ship to maintain the new course for the whole turn by pressing 
RETURN (sixteen time units). Be sure to remember that the 
larger ships are not very maneuverable, and may take all 16 
time units or even more to come around to your new heading. 

Each time you have defined a new course and duration the 
_ program plots the resulting position of the ship on the display 
screen and then returns you to the command menu. You will 
have to give the MS order again to give another course and 
duration command. When you do, the display will show your 
new course, speed, location and remaining time resulting from 
your previous set of orders. This lets you enter several con- 
secutive movement commands so you can see exactly where 
your ship is going and make midcourse corrections. See Figure 7 
for an example. 

WARNING!!! When you have given the movement orders for 
the sixteenth (final) time unit of the turn the command phase 
for this ship is finished! Be sure that you have given your Fire 
Weapons orders before finishing the movement orders! 

When the orders phase for the current ship is over the 
program will automatically go on to your next ship, the enemy’s 
ships, or to the execution phase. 


4.4 FLEET ORDERS 


During the orders phase of each turn a commander may 
designate certain of his ships as belonging to special “fleets,” to 
which he will issue fleet orders. Each fleet consists of a 
designated flagship and one or more subordinate ships. The 
commander issues orders to the flagship as if for an individual 
ship, and then the program automatically re-issues the same 
orders to the remaining ships within that fleet. Fleet orders 
greatly speed up issuing orders to large numbers of ships. 

In any turn a commander may elect to issue orders to 
individual ships, issue fleet orders to all ships (in one or more 
fleets), or he may assign some ships to fleets while issuing 
individual orders to the others. 

At several points within the Command Phase you will be 
asked: 


Do you wish to give Fleet Orders (Y or N)? 


If not, type N or RETURN and issue orders to individual ships as 
described above. To issue fleet orders, type Y. The computer will 
then list all available ships, assigning a number between 0 and 
9 to each. ship. It will then ask: 


Available ships: 
0 Endeavor 


1 Valiant 
2 Terra Union 
3 Intrepid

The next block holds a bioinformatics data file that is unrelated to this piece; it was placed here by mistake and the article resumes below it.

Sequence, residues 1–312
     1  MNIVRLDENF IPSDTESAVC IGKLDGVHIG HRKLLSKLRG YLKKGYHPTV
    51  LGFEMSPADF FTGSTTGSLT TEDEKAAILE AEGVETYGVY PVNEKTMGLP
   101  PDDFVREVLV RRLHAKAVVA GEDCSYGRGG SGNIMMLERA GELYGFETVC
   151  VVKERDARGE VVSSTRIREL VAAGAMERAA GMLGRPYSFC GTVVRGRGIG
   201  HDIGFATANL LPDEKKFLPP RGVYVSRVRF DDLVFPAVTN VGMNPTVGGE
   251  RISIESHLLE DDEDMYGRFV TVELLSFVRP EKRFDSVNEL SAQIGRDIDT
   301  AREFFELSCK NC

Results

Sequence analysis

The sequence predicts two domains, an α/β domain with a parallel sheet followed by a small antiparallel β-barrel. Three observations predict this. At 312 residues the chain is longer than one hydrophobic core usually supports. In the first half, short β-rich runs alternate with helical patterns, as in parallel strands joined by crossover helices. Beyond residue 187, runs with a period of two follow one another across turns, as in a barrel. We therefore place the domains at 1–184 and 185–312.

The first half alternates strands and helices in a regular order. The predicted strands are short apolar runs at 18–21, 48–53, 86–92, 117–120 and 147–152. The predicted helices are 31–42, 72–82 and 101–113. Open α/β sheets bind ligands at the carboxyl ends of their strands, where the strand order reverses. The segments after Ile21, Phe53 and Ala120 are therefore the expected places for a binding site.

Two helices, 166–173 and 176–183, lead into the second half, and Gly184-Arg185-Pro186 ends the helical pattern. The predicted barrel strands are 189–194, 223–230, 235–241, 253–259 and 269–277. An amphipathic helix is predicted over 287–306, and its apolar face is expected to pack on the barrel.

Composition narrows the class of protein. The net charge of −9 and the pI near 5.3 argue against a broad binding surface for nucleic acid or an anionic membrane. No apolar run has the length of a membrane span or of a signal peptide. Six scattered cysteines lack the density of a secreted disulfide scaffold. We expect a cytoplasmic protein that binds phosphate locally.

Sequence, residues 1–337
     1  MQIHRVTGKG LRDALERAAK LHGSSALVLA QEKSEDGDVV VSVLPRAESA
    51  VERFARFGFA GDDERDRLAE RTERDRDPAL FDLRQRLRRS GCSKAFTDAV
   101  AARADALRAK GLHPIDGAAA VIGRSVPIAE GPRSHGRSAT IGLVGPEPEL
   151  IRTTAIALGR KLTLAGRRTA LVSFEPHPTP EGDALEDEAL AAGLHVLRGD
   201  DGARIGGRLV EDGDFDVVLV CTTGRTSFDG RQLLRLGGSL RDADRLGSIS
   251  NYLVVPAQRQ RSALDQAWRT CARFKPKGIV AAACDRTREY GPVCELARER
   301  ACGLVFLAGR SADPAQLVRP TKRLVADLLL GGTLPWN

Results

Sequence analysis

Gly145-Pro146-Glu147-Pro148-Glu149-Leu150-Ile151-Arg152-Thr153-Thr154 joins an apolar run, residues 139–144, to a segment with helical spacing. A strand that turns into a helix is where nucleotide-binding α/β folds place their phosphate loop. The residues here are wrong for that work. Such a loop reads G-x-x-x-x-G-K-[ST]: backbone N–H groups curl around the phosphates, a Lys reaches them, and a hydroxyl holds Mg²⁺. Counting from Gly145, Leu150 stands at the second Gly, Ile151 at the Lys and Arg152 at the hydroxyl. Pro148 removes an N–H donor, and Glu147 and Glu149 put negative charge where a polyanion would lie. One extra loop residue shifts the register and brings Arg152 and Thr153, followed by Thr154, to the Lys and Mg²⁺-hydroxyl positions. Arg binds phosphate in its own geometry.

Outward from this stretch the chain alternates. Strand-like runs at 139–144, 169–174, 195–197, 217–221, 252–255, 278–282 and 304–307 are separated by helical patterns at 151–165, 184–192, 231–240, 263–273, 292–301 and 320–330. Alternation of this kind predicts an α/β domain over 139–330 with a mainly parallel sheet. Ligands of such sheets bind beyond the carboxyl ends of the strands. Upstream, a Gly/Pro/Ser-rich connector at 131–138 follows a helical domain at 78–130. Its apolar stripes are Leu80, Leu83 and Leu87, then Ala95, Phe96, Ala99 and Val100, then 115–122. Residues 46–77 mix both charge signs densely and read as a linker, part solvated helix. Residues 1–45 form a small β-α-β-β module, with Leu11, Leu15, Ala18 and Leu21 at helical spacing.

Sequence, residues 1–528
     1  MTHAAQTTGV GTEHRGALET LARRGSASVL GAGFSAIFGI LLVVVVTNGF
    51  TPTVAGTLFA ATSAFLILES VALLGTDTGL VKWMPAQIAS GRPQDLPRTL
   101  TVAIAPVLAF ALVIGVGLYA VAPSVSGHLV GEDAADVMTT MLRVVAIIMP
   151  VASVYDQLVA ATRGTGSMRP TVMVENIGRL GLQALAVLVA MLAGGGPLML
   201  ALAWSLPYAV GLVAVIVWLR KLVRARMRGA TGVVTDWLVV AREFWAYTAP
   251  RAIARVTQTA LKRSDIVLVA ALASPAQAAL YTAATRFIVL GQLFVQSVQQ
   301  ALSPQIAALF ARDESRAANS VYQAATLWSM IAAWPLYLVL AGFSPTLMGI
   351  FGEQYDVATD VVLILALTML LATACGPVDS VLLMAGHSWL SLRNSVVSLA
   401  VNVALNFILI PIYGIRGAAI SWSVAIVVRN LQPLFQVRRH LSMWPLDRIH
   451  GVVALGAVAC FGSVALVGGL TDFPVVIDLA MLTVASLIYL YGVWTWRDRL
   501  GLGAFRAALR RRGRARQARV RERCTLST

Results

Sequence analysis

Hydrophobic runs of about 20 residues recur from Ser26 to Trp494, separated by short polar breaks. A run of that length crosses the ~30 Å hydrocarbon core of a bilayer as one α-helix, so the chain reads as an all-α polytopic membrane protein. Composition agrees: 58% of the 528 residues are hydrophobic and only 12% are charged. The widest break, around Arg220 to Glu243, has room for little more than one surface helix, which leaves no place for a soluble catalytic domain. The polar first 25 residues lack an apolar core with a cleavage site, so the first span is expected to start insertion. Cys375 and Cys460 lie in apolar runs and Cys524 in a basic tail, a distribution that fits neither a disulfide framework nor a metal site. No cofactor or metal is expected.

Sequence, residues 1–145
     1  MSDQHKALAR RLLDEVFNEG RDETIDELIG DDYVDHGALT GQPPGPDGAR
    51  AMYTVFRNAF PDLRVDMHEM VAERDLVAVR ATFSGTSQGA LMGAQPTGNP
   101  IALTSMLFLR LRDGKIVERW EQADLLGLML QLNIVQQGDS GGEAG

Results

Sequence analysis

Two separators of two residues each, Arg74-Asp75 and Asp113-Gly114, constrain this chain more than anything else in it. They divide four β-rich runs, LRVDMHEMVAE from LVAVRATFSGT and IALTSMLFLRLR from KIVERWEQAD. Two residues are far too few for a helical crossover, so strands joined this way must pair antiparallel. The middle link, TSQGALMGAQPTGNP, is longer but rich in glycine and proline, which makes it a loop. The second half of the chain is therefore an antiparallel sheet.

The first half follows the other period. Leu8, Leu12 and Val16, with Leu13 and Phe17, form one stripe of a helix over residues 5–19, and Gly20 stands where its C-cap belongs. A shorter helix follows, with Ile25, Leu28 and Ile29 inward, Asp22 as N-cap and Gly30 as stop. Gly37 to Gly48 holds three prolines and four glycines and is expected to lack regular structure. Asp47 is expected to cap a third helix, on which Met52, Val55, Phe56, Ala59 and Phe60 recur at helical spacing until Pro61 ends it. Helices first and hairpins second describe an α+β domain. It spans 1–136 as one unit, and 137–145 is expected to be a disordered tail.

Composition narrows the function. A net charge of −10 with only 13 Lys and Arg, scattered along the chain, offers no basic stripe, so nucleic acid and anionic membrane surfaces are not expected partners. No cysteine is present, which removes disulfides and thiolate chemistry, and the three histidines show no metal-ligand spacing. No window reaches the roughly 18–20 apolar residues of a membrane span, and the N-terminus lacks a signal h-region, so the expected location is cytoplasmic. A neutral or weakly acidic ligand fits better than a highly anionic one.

What ships do you wish in this fleet? 


Type the number corresponding to the flagship, followed by the 
numbers of the subordinate ships and press RETURN. For 
example: 


203<RETURN> 

designates the Alliance dreadnought Terra Union (T) as the 
flagship of a fleet composed of the Endeavor (E) and the 
Intrepid (I). 

Next the program will demand orders for the flagship (Terra 
Union), and will go through the standard Allocate Energy 
dialog and Maneuver and Fire dialog for that ship. On com- 
pletion of the orders to the flagship, the program will auto- 
matically issue the same orders to the subordinate ships 
(Endeavor and Intrepid). 

If there are other ships (not in this fleet) which still require 
orders, the program will give the player the opportunity to 
define another fleet or to issue individual orders to the remain- 
ing ships. A player might define as many as four fleets (of two 
ships each) if he has that many vessels at his command. 


5.0 EXECUTION PHASE 


When the orders for all craft have been given the program 
proceeds to the execution phase. During this phase the com- 
puter moves all ships and drones gradually and simultaneously 
along their ordered courses, firing all designated weapons at 
appropriate moments. The program prints messages announc- 
ing all significant activity as it occurs, determines the extent of 
damage to each ship as it is inflicted, and then automatically 
initiates the orders phase for the next turn. 


6.0 EVALUATION OF THE BATTLE 


When one side or the other has destroyed or captured all 
enemy ships the program will end the game and rate the victor 
on his skill. In determining this rating the program takes into 
account the relative strength of the opposing forces as well as 
the outcome of the battle. Therefore, a victory of six Klargon 
dreadnoughts over a single Freemen freighter does not reflect 
much credit on the Klargon commander, but if the freighter 
had won its commander would have been covered with laurels! 
In this context it is far more glorious to capture the enemyships 
than to destroy them. This also makes it possible for a com- 
mander who is losing to deny the enemy the victory by turning 
his phasers on his own ships! Better death than dishonor! 

For a complete description of victory conditions see the 
game selection card. 


7.0 THE EPILOG 


When the game has ended the program will offer you the 
option to examine the final status of the ships. 

The status tables displayed during the Epilog of the game 
are not like the Status Check tables. The Epilog tables show the 
detailed internal breakdown of damage within each ship. The 
extent of damage is expressed in percentages where 0% means 
a device has been totally destroyed. Those entries shown as 
stars (*) instead of percentages are facilities which never did 
exist in this type of ship and therefore could not be damaged. 


APPENDICES 


A.O PLAYTESTER’S NOTES ON 
STAKSHIP TACTICS | 

The basic principles of good tactical deployment still hold 
true in space, but the nature of the offensive and defensive 
armament addsa fewwrinkles which do not occurin combat on 
land, the sea, or even in the air. Here are a few observations from 
one starship commander with several successful campaigns 
behind him... 


A.1 PRINCIPLES OF STARSHIP COMBAT 
Starship battle is nearly all offensive. There is no territory